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The Daily Wildcat

The Daily Wildcat


Nwoko ready to go into ‘beast mode’ for Arizona football


Beast mode.

That’s how Marshawn Lynch, a Seattle Seahawks running back and Skittles enthusiast, describes his mindset when he steps on the football field.

“Beast mode for me is just a state of mind,” Lynch said in a YouTube video. “Someone asks ‘What’s your mindset when you step on the field?’ It’s beast mode. No one wants to deal with no beast.”

The Arizona football team might just have its own version of beast mode in senior back Greg Nwoko. At least that’s how quarterback Matt Scott describes the 6-foot-1, 237-pound behemoth.

“Oh man, he’s a beast,” Scott said. “He’s lookin’ great, lookin’ strong. He’s going to be a great addition to this running back corps.”

The soft-spoken, Pflugerville, Texas, native isn’t quite as boastful about his inner beast as Lynch, or even as much as his teammates like Scott are about him.

“I guess so, whatever he says,” a laughing Nwoko said. “I mean, I’m a power runner and I can do speed and everything.”

Nwoko hasn’t had much of a chance to put his “beast” on display, as the ACL injury bug that ended the seasons of four key Wildcats defensive players wasn’t limited to that side of the ball. About a year ago, during spring ball, Nwoko tore his ACL as he tried to avoid a tackler while making a cut.

Cornerback Jonathan McKnight and linebacker Jake Fischer, two of the defenders who suffered ACL injuries, have talked in the spring about how difficult it was for them sitting on the sidelines instead of playing alongside their teammates on the field. For Nwoko, it was difficult too, but he actually enjoyed watching his teammates perform — especially two of his talented backfield mates.

“It was pretty hard sitting out there,” Nwoko said. “But I enjoyed watching Ka’Deem (Carey) and DJ (Daniel Jenkins) out there, so it was still exciting.”

After two solid seasons following a redshirt freshman year, Nwoko was expected to play a key role in the backfield for Arizona last year under then-head coach Mike Stoops. This year, the Wildcats are stacked at the running back position with guys like Carey and Jenkins, fullback Taimi Tutogi and the emerging Kylan Butler. But new head coach Rich Rodriguez has been impressed with Nwoko so far, and for a coach that over the course of the career has made his team run the ball a whole lot more then it’s passed it, don’t expect Nwoko to be lost in the shuffle. That is, assuming Nwoko stays healthy.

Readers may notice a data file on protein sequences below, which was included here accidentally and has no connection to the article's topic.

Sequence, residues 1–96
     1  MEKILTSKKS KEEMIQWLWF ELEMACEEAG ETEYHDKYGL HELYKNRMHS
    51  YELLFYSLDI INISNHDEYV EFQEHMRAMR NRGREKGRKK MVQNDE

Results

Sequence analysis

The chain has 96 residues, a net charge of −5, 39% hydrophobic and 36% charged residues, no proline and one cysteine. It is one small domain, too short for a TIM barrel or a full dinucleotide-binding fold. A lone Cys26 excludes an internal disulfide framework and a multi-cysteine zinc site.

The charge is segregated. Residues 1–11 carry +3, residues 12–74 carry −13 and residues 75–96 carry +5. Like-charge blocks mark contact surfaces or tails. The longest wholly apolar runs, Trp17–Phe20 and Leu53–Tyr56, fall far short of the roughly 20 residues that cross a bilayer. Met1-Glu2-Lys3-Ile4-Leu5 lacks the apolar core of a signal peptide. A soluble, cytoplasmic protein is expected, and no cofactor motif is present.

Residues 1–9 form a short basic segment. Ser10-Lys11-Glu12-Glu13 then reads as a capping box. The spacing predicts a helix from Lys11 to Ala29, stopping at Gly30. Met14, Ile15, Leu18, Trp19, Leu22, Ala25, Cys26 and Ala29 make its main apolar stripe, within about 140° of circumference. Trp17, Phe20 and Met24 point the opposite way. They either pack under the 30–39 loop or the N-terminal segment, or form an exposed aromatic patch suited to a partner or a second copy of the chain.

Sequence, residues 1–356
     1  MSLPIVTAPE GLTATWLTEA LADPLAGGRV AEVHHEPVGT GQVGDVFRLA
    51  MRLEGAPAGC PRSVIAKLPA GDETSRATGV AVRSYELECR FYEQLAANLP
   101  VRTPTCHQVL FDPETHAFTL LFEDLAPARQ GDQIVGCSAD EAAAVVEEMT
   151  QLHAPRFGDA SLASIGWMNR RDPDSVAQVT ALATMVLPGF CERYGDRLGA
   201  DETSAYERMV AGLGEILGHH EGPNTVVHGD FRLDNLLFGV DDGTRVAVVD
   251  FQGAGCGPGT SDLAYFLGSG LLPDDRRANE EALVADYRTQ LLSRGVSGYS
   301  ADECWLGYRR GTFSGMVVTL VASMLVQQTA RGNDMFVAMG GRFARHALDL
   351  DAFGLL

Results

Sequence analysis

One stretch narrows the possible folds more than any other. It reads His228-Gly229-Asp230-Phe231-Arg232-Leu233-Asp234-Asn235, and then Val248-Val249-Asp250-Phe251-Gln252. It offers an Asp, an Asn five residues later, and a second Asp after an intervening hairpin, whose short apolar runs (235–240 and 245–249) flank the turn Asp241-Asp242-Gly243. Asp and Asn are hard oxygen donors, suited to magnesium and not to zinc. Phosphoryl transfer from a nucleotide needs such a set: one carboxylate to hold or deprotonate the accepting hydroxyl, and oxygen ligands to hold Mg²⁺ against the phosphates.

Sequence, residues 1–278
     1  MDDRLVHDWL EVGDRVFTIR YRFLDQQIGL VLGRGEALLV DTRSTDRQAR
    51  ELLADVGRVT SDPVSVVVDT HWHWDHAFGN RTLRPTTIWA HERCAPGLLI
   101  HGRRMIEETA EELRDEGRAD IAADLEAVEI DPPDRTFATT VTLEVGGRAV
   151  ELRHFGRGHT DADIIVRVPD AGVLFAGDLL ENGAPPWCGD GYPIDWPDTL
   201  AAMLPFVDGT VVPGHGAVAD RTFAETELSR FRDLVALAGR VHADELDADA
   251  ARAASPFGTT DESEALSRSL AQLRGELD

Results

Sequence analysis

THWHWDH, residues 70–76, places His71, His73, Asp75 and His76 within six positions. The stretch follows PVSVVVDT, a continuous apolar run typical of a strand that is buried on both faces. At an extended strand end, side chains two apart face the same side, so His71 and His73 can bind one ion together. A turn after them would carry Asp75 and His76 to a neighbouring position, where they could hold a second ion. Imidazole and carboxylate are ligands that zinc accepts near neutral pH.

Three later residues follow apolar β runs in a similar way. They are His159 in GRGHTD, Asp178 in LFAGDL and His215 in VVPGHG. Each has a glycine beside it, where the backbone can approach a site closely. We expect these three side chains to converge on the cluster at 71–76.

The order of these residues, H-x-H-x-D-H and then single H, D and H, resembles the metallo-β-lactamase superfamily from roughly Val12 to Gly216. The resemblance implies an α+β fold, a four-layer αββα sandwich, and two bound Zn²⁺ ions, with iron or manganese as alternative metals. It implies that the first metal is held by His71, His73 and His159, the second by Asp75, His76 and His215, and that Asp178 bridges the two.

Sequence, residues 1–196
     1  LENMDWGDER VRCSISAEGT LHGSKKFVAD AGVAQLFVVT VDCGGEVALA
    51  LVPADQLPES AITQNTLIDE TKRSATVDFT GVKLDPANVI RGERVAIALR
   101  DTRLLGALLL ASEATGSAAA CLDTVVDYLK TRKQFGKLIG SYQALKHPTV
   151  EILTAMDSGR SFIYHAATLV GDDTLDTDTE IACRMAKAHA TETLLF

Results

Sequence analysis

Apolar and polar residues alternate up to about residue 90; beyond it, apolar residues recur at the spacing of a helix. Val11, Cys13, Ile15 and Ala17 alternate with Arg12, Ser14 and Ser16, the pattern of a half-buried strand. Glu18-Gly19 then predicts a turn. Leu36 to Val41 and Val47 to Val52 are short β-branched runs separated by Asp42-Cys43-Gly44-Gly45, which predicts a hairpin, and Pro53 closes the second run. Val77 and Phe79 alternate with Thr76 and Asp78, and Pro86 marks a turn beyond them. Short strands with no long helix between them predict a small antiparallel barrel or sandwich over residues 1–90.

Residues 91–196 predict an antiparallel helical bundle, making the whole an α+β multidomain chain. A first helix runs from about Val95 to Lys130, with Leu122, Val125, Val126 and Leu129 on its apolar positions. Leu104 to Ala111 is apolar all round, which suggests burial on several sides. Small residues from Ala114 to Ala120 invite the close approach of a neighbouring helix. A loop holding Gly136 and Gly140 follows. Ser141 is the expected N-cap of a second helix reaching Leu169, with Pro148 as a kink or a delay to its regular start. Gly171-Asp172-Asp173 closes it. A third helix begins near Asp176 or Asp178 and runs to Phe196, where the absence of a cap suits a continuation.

“He’s been really good in the offseason workouts and he’s a big athletic guy,” Rodriguez said. “He understands football and I think part of it with Greg has been staying healthy throughout his career. If he can stay healthy and show some physicalness in blocking and in running, he’s a guy that can do a lot of big things for us.”

Under Stoops, Nwoko ran for a total of 543 yards and six touchdowns in 23 games — not huge numbers, but solid considering the pass-first tendencies of Stoops and the presence of former runners Keola Antolin and Nic Grigsby.

Nwoko prides himself on the ability to catch passes out of the backfield, and that attribute is what led Rodriguez and co-offensive coordinator/running backs coach Calvin Magee to move him to a new position — H-back, which is considered a tight end and fullback hybrid.

“I’m in a new position this year, but I like it,” Nwoko said. “At H-back, there’s more blocking and I run the ball too so I’ll be more versatile.”

At the start of camp, his coaches could tell he was a little antsy coming off the injury, but Nwoko said that he is “pretty much” at 100 percent.

“Nwoko’s looking good,” Magee said. “I think when he started out I think he was tentative trying to make sure his legs were under him but as time goes he’s starting to pick it up.”

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